Known as “maintenance” in New York, alimony is the financial support that one spouse may be required to pay to another spouse in the event of a divorce. It consists of monetary payments made at fixed intervals, such as weekly or monthly, for a specific period of time as designated by the court. Since it is intended to provide support to a spouse, maintenance is usually paid by the spouse who was the breadwinner in the arrangement to the spouse who earned less money and, thus, is in need of financial support.
While the court is still required to follow the applicable formula to determine the base amount of maintenance regardless, it may also award an additional amount of maintenance if the paying spouse’s income is above the aforementioned income cap. In order to determine just how much maintenance beyond the base amount should be granted, the court will consider a number of factors, including:
There is one situation, however, where the amount of maintenance is not based on the paying spouse’s income. If the paying spouse fails to provide the court with adequate evidence of their total current income, then the court can base the amount of maintenance on the receiving spouse’s financial needs or their standard of living prior to the divorce, whichever is higher.
When the court determines how much maintenance should be paid, it will also determine how long the maintenance will last. If the maintenance is temporary, then it will likely end when the court issues the final divorce decree or in the event that one of the spouses dies before the divorce is finalized. Otherwise, how long the maintenance lasts generally depends on how long the marriage lasted. New York state law provides guidelines for the length of maintenance through a set percentage range based on the length of a marriage:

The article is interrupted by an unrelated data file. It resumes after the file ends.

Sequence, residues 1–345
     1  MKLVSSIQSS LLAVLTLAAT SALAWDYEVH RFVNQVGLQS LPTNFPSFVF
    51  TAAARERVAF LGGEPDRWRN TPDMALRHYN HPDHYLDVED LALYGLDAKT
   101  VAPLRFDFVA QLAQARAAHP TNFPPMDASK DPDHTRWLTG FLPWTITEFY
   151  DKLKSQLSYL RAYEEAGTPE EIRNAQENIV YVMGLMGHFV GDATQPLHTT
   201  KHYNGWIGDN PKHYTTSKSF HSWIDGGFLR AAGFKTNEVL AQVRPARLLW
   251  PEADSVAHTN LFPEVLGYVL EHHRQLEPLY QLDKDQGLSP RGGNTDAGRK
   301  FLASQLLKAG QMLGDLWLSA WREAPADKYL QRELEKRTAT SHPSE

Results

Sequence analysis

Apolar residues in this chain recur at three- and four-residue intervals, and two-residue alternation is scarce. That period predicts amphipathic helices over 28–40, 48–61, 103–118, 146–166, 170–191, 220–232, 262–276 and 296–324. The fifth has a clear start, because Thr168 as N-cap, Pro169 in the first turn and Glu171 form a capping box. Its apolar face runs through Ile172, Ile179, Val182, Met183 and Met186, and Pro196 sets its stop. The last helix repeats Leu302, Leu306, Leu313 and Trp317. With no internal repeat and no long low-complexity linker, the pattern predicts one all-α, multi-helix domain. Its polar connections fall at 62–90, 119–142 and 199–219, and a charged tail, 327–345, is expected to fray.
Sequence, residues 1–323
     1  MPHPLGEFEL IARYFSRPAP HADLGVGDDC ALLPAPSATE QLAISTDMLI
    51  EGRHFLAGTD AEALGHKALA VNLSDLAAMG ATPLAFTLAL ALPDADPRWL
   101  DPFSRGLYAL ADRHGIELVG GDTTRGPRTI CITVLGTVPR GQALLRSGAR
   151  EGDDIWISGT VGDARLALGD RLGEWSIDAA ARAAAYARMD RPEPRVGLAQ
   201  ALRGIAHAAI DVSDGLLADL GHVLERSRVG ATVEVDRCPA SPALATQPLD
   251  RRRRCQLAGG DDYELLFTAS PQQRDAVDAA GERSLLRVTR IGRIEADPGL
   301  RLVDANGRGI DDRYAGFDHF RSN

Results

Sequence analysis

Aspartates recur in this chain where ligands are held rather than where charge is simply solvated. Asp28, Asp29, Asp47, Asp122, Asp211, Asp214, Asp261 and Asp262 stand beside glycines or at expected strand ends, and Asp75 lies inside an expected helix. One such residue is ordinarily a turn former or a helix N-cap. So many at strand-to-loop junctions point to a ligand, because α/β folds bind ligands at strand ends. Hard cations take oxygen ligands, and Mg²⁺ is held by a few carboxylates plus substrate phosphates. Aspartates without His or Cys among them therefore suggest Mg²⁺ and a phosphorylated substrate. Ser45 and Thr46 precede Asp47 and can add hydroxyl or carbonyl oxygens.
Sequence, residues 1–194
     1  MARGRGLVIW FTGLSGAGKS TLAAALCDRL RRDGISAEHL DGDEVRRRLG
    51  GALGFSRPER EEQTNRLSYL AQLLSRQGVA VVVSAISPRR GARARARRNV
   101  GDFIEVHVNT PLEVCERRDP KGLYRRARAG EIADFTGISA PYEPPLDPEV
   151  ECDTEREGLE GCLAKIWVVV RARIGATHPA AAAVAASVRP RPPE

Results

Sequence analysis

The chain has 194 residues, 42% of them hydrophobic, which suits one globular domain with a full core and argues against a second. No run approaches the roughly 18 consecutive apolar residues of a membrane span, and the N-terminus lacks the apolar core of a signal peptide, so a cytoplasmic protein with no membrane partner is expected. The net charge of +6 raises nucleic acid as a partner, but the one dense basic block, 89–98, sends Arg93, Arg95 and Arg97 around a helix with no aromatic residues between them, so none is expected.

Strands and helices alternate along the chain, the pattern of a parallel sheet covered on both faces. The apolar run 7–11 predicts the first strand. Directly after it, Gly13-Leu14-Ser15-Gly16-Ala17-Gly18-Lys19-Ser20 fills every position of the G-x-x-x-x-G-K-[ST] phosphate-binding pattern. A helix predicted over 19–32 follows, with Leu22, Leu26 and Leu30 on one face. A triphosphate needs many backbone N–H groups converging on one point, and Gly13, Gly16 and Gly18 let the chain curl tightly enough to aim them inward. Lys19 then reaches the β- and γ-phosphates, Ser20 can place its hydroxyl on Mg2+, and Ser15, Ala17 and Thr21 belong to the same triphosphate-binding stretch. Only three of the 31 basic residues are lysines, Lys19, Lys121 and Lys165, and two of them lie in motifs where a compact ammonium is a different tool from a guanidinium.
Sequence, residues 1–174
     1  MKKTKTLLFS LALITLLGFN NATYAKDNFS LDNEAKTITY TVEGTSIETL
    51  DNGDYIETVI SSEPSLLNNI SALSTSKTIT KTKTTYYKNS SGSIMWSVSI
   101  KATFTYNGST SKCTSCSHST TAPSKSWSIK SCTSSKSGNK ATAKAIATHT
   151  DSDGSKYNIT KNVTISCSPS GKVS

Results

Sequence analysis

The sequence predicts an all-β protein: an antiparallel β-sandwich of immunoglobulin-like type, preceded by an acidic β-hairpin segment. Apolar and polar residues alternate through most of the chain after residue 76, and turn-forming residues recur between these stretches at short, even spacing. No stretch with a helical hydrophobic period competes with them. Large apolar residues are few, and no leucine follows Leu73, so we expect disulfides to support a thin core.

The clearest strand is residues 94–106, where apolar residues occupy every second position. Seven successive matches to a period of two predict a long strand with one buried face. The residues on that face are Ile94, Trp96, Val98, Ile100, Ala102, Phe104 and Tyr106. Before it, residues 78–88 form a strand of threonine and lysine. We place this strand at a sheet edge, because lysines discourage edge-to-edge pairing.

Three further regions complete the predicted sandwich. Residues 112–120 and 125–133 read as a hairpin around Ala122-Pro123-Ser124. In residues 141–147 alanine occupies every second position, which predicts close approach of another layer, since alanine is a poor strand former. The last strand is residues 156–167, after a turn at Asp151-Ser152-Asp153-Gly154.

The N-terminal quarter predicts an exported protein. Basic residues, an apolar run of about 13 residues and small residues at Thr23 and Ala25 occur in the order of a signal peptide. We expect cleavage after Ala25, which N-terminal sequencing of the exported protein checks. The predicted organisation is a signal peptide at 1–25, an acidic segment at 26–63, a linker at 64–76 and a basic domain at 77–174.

The court does not need to follow these guidelines when determining the duration of the maintenance. If the court chooses to not follow the duration guidelines, then it will need to consider the same factors it needs to consider for providing a larger amount of maintenance than the base amount. Also, maintenance may end before the original termination date set by the court if:
In order to petition for maintenance, even temporary maintenance, you will need to start the divorce process. This means that you will need to file a Summons with Notice or a Summons with a Verified Complaint. Regardless of which set of documents you choose to file, you will need to include a request for maintenance in the Ancillary or Other Relief section of the documents. Once you have filed the initial divorce documents, you will need to serve them to your spouse along with a Notice of Guideline Maintenance. After you have served the filed paperwork to your spouse, you will need to complete an Annual Income Worksheet and a Maintenance Guidelines Worksheet to show the court what your current financial state is and why you need maintenance. These worksheets will also help the court to calculate just how much maintenance you will need. Making a mistake on any of this paperwork may result in you not receiving any alimony, which is why it may be in your best interest to hire a lawyer to help you with filling out the paperwork because they can help you avoid making any mistakes when filling out the paperwork and petitioning for maintenance.
Getting maintenance can be critical in whether you can continue to live as you have been living or if you will be struggling to live paycheck to paycheck. Thus, it is important that you do not make any mistakes when petitioning for maintenance. Contact a New York divorce lawyer to help you petition for maintenance and help you avoid mistakes.
Last Modified: 05-24-2017 04:05 PM PDTLaw Library Disclaimer
We've helped more than 4 million clients find the right lawyer – for free. Present your case online in minutes. LegalMatch matches you to pre-screened lawyers in your city or county based on the specifics of your case. Within 24 hours experienced local lawyers review it and evaluate if you have a solid case. If so, attorneys respond with an offer to represent you that includes a full attorney profile with details on their fee structure, background, and ratings by other LegalMatch users so you can decide if they're the right lawyer for you.